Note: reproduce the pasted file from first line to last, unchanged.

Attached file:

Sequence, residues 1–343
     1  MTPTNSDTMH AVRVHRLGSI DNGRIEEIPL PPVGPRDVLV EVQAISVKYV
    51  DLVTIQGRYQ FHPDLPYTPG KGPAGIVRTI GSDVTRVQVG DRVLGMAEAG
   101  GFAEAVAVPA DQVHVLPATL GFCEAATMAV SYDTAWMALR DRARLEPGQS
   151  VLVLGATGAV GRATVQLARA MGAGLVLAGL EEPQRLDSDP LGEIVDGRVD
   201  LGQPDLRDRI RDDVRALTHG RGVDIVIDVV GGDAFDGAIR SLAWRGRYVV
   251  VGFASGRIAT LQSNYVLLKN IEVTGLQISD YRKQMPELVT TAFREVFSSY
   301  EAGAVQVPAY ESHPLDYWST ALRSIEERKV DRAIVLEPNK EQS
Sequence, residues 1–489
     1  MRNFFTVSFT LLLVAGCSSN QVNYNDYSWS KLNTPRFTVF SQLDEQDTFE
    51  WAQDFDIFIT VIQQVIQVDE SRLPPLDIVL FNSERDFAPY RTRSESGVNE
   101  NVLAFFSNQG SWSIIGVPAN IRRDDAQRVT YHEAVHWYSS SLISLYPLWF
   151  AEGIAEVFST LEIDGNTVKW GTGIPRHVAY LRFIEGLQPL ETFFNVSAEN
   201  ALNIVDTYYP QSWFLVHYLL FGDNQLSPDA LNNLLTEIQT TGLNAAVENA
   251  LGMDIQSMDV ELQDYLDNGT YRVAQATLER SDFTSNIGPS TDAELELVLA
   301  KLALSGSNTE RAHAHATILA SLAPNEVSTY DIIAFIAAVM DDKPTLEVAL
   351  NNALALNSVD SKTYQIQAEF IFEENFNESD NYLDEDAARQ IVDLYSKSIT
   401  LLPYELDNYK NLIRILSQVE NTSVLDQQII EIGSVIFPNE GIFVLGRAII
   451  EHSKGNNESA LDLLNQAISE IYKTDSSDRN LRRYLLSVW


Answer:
Sequence, residues 1–343
     1  MTPTNSDTMH AVRVHRLGSI DNGRIEEIPL PPVGPRDVLV EVQAISVKYV
    51  DLVTIQGRYQ FHPDLPYTPG KGPAGIVRTI GSDVTRVQVG DRVLGMAEAG
   101  GFAEAVAVPA DQVHVLPATL GFCEAATMAV SYDTAWMALR DRARLEPGQS
   151  VLVLGATGAV GRATVQLARA MGAGLVLAGL EEPQRLDSDP LGEIVDGRVD
   201  LGQPDLRDRI RDDVRALTHG RGVDIVIDVV GGDAFDGAIR SLAWRGRYVV
   251  VGFASGRIAT LQSNYVLLKN IEVTGLQISD YRKQMPELVT TAFREVFSSY
   301  EAGAVQVPAY ESHPLDYWST ALRSIEERKV DRAIVLEPNK EQS
Sequence, residues 1–489
     1  MRNFFTVSFT LLLVAGCSSN QVNYNDYSWS KLNTPRFTVF SQLDEQDTFE
    51  WAQDFDIFIT VIQQVIQVDE SRLPPLDIVL FNSERDFAPY RTRSESGVNE
   101  NVLAFFSNQG SWSIIGVPAN IRRDDAQRVT YHEAVHWYSS SLISLYPLWF
   151  AEGIAEVFST LEIDGNTVKW GTGIPRHVAY LRFIEGLQPL ETFFNVSAEN
   201  ALNIVDTYYP QSWFLVHYLL FGDNQLSPDA LNNLLTEIQT TGLNAAVENA
   251  LGMDIQSMDV ELQDYLDNGT YRVAQATLER SDFTSNIGPS TDAELELVLA
   301  KLALSGSNTE RAHAHATILA SLAPNEVSTY DIIAFIAAVM DDKPTLEVAL
   351  NNALALNSVD SKTYQIQAEF IFEENFNESD NYLDEDAARQ IVDLYSKSIT
   401  LLPYELDNYK NLIRILSQVE NTSVLDQQII EIGSVIFPNE GIFVLGRAII
   451  EHSKGNNESA LDLLNQAISE IYKTDSSDRN LRRYLLSVW